Total Expenditure on Education as a Percentage of Government Spending and GDP

  • % of GDP
  • % of gov. expenditure

Source: World Bank
Gaps indicate missing data from the original data source. (Accessed August 2013).

Additional Background

From Youth at a Crossroad: Emergency Youth Assessment on the Socio-Political Crisis in Madagascar and its Consequences (2009):  
More than 12,800 youth and children took part in one of the largest emergency youth participatory assessments conducted in the immediate aftermath of political and civil unrest. Different techniques and approaches were simultaneously adopted, ranging from photo documentaries, focus group discussions, interactive recreational and psychological interventions in primary and secondary schools, one to one interviews and case studies, individual interviews with hospitalised youth injured during the political unrest, focus group discussions with street children and homeless youth in Antananarivo and open ended questions with youth in prison or recently released from police custody. [...]
There is a general perception among youth that the political crisis is simply the culmination of months of financial crisis and increased daily hardships. The youth feel that what is happening now in Madagascar, will have an immediate and long-term negative impact on their lives and future options. The impact on household socio-economic status and security has been strongly felt. Youth reveal a decrease in their household’s available income, the capacity to access basic needs, loss of employment, a decrease in school attendance and performance, alongside an increased climate of insecurity and a threat of danger for people and their properties. [...]
Youth report a general fear of divisions at community level and informed facilitators of a rapid deterioration of traditional protection and coping mechanisms. Traditional wisdom appears to have disappeared; the mediating role of the elderly seems insufficient or incapable of facing the magnitude of the problem. Solutions are now reportedly to be found through violence, riots and the use of force. Differences in political opinions are supporting the break down of traditional community unity. This appears to be a mainly urban phenomenon, compounded by difficulties in accessing basic quality services. [...]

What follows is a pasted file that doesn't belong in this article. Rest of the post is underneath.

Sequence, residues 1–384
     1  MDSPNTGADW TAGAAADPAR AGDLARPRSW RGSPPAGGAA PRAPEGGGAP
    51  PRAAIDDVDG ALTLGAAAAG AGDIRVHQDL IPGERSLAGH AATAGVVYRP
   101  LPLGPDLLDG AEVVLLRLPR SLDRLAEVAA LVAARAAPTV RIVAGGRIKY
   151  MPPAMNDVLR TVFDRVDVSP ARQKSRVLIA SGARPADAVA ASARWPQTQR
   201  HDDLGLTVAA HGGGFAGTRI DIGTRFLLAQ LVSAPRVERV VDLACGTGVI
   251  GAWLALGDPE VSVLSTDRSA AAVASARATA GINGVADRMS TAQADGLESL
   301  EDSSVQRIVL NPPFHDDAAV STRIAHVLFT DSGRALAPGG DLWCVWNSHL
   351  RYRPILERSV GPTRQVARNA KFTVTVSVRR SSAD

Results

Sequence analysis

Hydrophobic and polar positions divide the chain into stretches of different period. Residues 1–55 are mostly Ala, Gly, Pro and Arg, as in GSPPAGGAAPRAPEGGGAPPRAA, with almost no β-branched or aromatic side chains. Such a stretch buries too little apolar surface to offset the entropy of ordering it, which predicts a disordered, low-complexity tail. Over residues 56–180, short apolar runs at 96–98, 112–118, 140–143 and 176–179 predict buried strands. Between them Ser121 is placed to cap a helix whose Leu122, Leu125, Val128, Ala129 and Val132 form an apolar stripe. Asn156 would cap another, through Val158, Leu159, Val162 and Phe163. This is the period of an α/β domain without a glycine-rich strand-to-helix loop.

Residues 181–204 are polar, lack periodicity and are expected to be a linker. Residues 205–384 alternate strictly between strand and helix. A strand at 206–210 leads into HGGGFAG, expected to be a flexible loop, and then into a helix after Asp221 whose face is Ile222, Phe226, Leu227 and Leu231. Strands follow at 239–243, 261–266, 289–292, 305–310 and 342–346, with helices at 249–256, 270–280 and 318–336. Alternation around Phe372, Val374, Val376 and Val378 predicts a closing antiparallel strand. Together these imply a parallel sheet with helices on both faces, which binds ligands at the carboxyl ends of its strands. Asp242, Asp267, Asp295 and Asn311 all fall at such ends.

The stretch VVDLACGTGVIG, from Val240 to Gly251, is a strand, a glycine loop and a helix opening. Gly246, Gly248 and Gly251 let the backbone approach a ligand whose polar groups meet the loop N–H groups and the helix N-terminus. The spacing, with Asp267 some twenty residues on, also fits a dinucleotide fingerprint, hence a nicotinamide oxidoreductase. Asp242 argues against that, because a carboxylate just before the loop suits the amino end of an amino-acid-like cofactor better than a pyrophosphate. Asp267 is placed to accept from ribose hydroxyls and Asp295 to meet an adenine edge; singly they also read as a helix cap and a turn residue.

Sadness arises out of friends having disappeared, being put in prison, wounded or killed. Images transmitted by the media have also instilled a sense of fear and anger in seeing the nation fall apart. Faced with this situation, the youth have mixed feelings; those of being powerless versus hopes of contributing towards change. Young people feel sad and in some cases powerless, as they perceive the problems around them as too overwhelming to be solved.
They feel isolated and unable to seek help because they no longer trust those who are offering assistance. On the other hand, they reveal that recent events ‘made them grow up’ and are now of the opinion that they can stand up for what they believe in, by any means possible. [...]
Youth report a progressive increase in the use of violence among young people themselves, and a rise in street gangs to ‘regulate’ life within and between their neighbourhoods. These street gangs are, in some cases, linked to ‘powerful patrons’ that provide protection and easy enrolment in organised crime. Young people also report increased pressure from peers to join organised gangs and to ‘hang around’ with them. They have also noticed an increase of ‘natural aggression’ towards neighbours. Areas within communities that previously felt safe and secure have become places to be avoided at any time of the day.